● BEACH HAVEN
13211 Long Beach Boulevard
OPEN Lunch and dinner, daily
S T YLE Diner-like, but sleek, with
subway tile, wood and slate surfaces. Local seafood dominates
the nicely priced menu. Full bar.
THE SCOOP Opened in 2015 by
the same family that owns the
neighboring Terrace Tavern.
THE MENU Tapas-style ap-
petizers are abundant and easy
to share. Favorites include broiled
oysters topped with tomatoes
and shallots (above), and the
charcuterie board. Snapper-tur-
tle soup will be their entry in this
year’s Chowderfest. The raw bar
features Delaware Bay oysters
and Barnegat Bay clams. Mains
are mainly creative sandwiches,
served with seasoned fries
and cole slaw sweetened with
pineapple. Fresh-caught tuna
from Viking Village is steamed,
flaked mixed with mayo and
served on grilled sourdough.
Other choices include fried
oyster po’ boy and fish tacos.
The Angus steak sandwich
is smotherered in cheddar and
HEADS UP Seating is limited to
24 stools, six high-tops and a fe w
outside tables. No reservations,
so summer weekends can mean
long waits.—Ken Schlager
● PARSIPPAN Y
333 Route 46
OPEN Lunch and dinner, Tues-Sun
S T YLE Small yet busy Chinese
restaurant located in a strip
mall next to an Asian market.
The newly redecorated dining
room features seating for up to
50 people, a mural of noodle
making, and a window with a view
into the kitchen so you can watch
noodles being made by hand.
THE SCOOP Owner Shan Shan
Lu and her family are origi-
nally from Xinjiang in northwest
China. She opened Shan Shan
Noodles in October 2014.
THE MENU Start with a bowl
of spicy wontons (above) or a
plate of scallion pancakes or pork
buns. Noodle dishes are the main
event, with a number of options.
Sautéed noodles can be ordered
with vegetable, beef, chicken,
seafood or pork (all under $10).
Standout soups include lamb
noodle stew, noodles with spicy
minced pork, and beef tendon
soup with knife-cut noodles.
Opt for the hand-pulled
noodles with sesame sauce if
you’re averse to spicy food.
The Chinese burger, a crispy
bun filled with shredded,
slow-cooked pork, is a house
specialty. Dishes like kung
pao chicken and dry-fried string
beans are also worth ordering.
HEADS UP Having trouble managing the long tangles of noodles?
The staff will gladly supply
scissors to make them easier to
eat. Pay with cash and get 10% off
your bill. —Shelby Vittek
● ASBURY PARK
209 Fourth Avenue
OPEN Weekdays until midnight;
STYLE Small, chrome, ’60s-
style diner with tile floors, vinyl
booths and counter seating.
THE SCOOP Asbury Lanes
closed for renovation in 2015 and
reopened this year on Memorial
Day weekend with a new feature:
The former lounge has been
converted to a diner accessible
from the bowling alleys or from
the street. Salt Hotels, which
runs the nearby Asbury Hotel,
operates the diner.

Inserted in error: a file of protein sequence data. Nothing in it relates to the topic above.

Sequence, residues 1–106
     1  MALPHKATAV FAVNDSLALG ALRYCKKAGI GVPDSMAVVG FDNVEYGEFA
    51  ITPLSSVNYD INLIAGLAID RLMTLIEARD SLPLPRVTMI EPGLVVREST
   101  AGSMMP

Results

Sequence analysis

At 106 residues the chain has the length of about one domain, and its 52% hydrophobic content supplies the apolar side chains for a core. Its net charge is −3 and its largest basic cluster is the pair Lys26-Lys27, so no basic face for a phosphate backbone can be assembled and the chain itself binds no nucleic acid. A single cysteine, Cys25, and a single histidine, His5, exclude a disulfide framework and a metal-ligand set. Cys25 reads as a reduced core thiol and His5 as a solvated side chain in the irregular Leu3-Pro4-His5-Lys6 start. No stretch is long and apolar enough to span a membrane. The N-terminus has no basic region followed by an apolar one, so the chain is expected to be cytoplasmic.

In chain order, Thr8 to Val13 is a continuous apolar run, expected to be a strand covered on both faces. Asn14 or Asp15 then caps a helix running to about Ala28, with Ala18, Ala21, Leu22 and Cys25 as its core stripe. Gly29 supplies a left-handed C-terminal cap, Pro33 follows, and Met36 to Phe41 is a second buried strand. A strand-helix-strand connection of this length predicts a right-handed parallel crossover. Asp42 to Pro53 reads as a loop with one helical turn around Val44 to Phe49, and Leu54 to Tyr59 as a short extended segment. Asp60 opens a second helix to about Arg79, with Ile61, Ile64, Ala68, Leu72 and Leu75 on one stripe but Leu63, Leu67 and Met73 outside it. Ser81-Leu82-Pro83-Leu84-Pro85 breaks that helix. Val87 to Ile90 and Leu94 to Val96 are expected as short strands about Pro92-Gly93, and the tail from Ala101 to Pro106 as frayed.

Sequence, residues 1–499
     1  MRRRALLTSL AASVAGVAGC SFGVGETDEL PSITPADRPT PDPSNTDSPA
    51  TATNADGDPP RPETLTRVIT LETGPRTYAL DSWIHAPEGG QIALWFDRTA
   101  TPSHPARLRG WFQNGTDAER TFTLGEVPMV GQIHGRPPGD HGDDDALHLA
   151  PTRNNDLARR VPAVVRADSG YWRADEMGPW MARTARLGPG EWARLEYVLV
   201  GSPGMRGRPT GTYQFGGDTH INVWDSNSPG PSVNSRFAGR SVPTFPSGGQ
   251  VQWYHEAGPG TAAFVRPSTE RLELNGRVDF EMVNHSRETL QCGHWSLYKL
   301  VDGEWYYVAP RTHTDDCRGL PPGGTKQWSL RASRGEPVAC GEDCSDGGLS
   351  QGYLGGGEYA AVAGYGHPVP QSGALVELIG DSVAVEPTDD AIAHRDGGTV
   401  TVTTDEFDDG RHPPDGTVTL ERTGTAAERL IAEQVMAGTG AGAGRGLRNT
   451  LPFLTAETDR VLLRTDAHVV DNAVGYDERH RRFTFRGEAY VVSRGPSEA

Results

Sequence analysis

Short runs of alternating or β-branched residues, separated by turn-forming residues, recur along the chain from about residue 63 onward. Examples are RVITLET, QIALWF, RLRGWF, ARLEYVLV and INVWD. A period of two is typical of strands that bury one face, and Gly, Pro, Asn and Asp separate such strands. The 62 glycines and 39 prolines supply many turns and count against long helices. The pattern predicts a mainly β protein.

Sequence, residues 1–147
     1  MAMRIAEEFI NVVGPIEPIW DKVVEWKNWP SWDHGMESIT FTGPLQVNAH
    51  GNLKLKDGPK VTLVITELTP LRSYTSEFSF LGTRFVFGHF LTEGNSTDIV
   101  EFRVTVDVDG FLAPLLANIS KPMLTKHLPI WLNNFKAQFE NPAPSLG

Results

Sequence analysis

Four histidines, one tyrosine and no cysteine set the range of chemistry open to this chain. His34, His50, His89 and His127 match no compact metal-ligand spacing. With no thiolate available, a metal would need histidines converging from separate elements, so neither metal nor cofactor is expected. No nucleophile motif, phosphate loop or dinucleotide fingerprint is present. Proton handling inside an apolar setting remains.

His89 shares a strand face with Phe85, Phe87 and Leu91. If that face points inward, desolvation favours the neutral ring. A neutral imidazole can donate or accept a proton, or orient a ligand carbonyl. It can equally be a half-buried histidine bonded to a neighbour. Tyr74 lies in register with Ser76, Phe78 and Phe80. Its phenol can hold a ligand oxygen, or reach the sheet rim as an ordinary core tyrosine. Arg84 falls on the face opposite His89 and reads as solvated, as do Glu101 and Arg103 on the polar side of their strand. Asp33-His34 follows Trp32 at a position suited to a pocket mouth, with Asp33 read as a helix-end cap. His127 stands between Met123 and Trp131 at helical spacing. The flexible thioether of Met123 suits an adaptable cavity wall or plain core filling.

THE MENU Diner fare with a
Jersey accent, like disco fries or a
pork-roll waffle sandwich—Tay-
lor ham, egg and cheese between
two waffles, served with tater
tots and ketchup. The cinnamon
roll (above), a delicious, dark-as-
night giant served in a cast-iron
pan, is glazed in brown butter and
laced with Devonshire cream.
Perfect for sharing, if you’re
feeling generous. For an
equally generous main, try the
Lanes Burger. Chopped jalape-
ño and caramelized onions are
worked into the patty before it
hits the griddle. It’s topped with
Jack cheese, shredded lettuce,
tomato and chipotle mayo, and
served with fries and thick, crispy
onion rings. The menu offers a
fe w trendier dishes, like avocado
toast and s weet potato hash.
HEADS UP While not on the
menu, the diner has a board
listing “boozy milkshakes” made
with chocolate, vanilla or strawberry gelato plus liquor. They’re
silkier than regular milkshakes
and come with a kick.
prices (most entrées)
$15 to $25
that won’t break
“Reservation?” Yes, we had one. We
chose a booth across from the bar.
Servers clustered nearby, not approaching our table. The waitress who
finally took our drink orders described
one Chardonnay as “earthy” and
another as “popular.” Of Sofia’s 5 dozen
wines, only 4 are under $50.
In the bar, the deejay’s music was
deafening, and pleas for mercy from
all three of my guests went unheeded.
“Maybe we should text instead of talk,”
one suggested. Crispy octopus featured
one lone, chewy tentacle; the six specimens in clams oreganata were thumb-nail-sized and pooled in a sauce that
tasted mainly of butter. Two polpette
(meatballs) were made with trimmings
from the dry-aged beef, yet lacked flavor. Roasted eggplant salad amounted
to a heap of microgreens with bits of
chèvre and two slivers of marinated
eggplant no bigger than dominoes.
“How’s your steak?” I shouted to
my guest, who’d ordered the 16-ounce
New York strip ($51). He gestured back
with two thumbs up. A taste proved him
right. Colorado lamb chops, ordered
rare-to-medium-rare, arrived nearly
well-done. A manager whisked them
away, and the swift replacement was
pink and enticingly gamy. Shrimp
Veneziana’s trio of behemoths were
tender and fresh. But their sauce, as
with the clams, tasted mainly of butter. Spaghetti lobster, the pasta made
in-house, delivered a mound of delicate
Maine lobster chunks; but the sauce, labeled fra diavolo, lacked that red sauce’s
Weekends bring flown-in Mediterranean fish like branzino, imperial
snapper, amberjack and Portuguese
sardines, priced from around $55 to
$70. Apart from crisp shoestring fries,
side dishes underperformed.
The same can be said of Frola’s desserts. Flourless pecan-chocolate cake was
diminished by an acerbic espresso reduction. Ricotta cheesecake had a gummy
crust. Apple crisp, absurdly underbaked,
was garnished with cotton candy.
Sofia’s stupendous wood-grilled steaks
are the reason to go. Though the design is
ravishing, the noise is ridiculous. Friendlier service and more consistent execution across the menu would help it live up
to its velvet-rope ambitions.